There are various benefits for children who are taught South African Sign Language from an early age, including the improvement of their cognitive development and the bettering of an infant's working memory, as one study discovered. 

Using SASL is the representation of information through seeing, hearing, and movement, and the more pathways that are created in the brain, the stronger the memory, says Victor, van Niekerk and Ebersohn. 

“When children are taught English and SASL together, they are processing language using both sides of the brain. This gives the children two places to recall language from instead of just one,” explains Victor. 

Bilingualism of any language (whether signed or spoken) is a great booster for brains, as it enriches and enhances children's cognitive processes, leading to higher abstract and creative thinking, better problem-solving skills, greater cognitive flexibility, better listening skills, greater academic achievement, and much more. It also promotes cultural awareness, literacy, and other intellectual benefits.

Teaching children Sign Language (or anyone, for that matter) will also benefit both the hearing and Deaf communities in the long run, as the doors of communication and connection will be opened, without needing the help of an interpreter. 

If you are pursuing a specific career, especially where you will be in contact with or render a service to people, there's a very good chance that you will come across a Deaf person. If you know and can use SASL, your service will be Deaf accessible; therefore more and more of the Deaf community will make use of your service or practice.

“When the hearing community knows Sign Language, this gives the Deaf community access to communication and access to information. If, for example, a psychiatrist knows sign language, he/she will be able to assist a Deaf person without using an interpreter. It's already a daunting appointment to have, now you have to share information with a third person as well,” elaborates Victor, Niekerk and Ebersohn.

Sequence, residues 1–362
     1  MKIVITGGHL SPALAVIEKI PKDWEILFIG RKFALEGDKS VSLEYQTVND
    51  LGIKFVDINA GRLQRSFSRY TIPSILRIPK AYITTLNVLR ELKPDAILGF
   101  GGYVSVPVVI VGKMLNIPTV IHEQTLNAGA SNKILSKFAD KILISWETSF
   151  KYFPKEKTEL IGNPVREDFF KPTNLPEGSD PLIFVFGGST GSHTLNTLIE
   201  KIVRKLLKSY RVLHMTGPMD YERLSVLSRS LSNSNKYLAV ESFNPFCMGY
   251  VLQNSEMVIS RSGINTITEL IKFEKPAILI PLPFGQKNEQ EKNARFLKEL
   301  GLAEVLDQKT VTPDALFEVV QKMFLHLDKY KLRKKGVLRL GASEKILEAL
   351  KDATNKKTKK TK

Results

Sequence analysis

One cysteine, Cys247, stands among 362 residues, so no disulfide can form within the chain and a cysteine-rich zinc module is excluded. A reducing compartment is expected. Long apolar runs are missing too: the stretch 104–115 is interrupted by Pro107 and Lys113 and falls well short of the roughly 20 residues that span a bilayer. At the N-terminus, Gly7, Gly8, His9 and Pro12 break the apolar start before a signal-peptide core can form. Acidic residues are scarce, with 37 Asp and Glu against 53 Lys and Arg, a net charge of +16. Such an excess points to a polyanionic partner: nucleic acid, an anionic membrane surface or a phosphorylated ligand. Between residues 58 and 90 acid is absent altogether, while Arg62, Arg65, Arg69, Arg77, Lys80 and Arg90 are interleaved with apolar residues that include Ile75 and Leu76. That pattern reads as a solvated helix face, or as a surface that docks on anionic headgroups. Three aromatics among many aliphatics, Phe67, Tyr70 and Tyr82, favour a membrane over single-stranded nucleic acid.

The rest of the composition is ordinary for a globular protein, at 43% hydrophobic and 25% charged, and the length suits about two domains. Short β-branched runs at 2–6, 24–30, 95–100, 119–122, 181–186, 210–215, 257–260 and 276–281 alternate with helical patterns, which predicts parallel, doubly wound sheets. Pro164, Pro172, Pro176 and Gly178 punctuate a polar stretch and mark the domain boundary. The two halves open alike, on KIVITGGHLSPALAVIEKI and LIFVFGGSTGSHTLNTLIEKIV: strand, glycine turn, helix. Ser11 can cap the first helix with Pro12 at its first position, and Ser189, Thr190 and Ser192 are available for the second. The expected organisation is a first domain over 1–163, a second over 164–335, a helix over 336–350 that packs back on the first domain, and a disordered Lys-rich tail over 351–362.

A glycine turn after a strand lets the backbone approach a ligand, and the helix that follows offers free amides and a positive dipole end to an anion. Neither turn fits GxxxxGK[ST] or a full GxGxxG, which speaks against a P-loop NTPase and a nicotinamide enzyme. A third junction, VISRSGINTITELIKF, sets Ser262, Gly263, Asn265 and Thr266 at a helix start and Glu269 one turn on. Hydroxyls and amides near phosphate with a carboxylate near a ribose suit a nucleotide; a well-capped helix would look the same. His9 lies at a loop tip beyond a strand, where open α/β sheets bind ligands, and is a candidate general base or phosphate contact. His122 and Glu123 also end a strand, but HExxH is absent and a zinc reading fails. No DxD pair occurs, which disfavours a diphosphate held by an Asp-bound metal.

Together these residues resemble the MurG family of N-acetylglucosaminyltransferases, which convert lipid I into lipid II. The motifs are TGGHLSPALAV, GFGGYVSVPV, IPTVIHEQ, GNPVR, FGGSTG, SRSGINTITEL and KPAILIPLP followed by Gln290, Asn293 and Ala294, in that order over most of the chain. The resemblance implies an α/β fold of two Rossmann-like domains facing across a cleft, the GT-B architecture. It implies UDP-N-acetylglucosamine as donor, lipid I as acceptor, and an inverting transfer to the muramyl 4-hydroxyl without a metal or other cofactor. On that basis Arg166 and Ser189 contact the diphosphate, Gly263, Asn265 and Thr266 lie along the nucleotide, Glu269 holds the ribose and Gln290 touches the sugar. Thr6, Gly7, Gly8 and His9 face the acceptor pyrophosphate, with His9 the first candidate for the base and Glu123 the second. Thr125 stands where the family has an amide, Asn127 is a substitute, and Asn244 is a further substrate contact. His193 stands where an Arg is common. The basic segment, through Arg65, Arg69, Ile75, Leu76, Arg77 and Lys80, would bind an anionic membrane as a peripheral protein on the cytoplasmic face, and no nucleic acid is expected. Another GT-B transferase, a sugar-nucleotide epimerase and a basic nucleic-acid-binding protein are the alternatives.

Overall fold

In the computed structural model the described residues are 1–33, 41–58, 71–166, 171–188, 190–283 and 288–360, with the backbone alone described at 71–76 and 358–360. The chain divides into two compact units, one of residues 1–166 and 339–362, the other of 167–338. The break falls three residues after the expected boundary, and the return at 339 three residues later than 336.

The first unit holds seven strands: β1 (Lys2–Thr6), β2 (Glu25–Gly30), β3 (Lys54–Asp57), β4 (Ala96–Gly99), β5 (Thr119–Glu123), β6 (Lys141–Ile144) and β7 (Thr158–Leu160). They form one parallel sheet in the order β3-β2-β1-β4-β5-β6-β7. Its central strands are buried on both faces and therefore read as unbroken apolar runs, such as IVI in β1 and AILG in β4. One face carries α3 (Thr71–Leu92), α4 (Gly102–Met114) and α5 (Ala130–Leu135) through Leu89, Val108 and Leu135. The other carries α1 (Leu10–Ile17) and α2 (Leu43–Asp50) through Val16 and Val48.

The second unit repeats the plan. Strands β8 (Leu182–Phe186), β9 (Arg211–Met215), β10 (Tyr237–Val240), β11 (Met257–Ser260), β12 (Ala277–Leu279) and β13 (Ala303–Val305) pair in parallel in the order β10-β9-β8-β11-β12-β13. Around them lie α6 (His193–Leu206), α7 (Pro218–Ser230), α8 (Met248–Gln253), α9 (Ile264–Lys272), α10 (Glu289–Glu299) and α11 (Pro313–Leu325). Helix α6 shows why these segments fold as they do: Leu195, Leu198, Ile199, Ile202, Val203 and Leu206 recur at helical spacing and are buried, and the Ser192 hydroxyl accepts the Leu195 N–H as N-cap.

Often, the (unfair) norm within society is the assumption that everyone can hear. That assumption is ableist and dangerous, as it practises Audism, which is the discrimination or prejudice against individuals who are Deaf or hard-of-hearing. 

Sign Language is a staple as to how the Deaf community communicates. If only the Deaf community learns and uses Sign Language, it cuts off their communication with other people outside of the community. 

Although South Africa has made advancements when it comes to Sign Language and the Deaf Community, seeing that SASL has officially been recognized and will soon be the 12th official language, there is still a long way to go. 

“This is huge for the Deaf community and this will also play a great role in advancing the community and their culture. SASL is a beautifully complex language and we [will] celebrate along with all South Africans when SASL becomes official,” says Victor. 

It's important to take note that it's easier for the hearing community to acquire an extra language (in this case, SASL), whereas it's more challenging for the Deaf community to acquire a spoken language. Therefore, the onus lies more on the hearing community to learn the language. 

Learning and using Sign Language is a good way to encourage change and promote inclusivity within our society.  

“It is welcoming and one feels great when someone communicates with you in your first language. You feel included,” says Victor, van Niekerk and Ebersohn. 

The Deaf community deserves the same accessibility and inclusivity as the hearing community, and learning Sign Language is a good starting point for change to take place.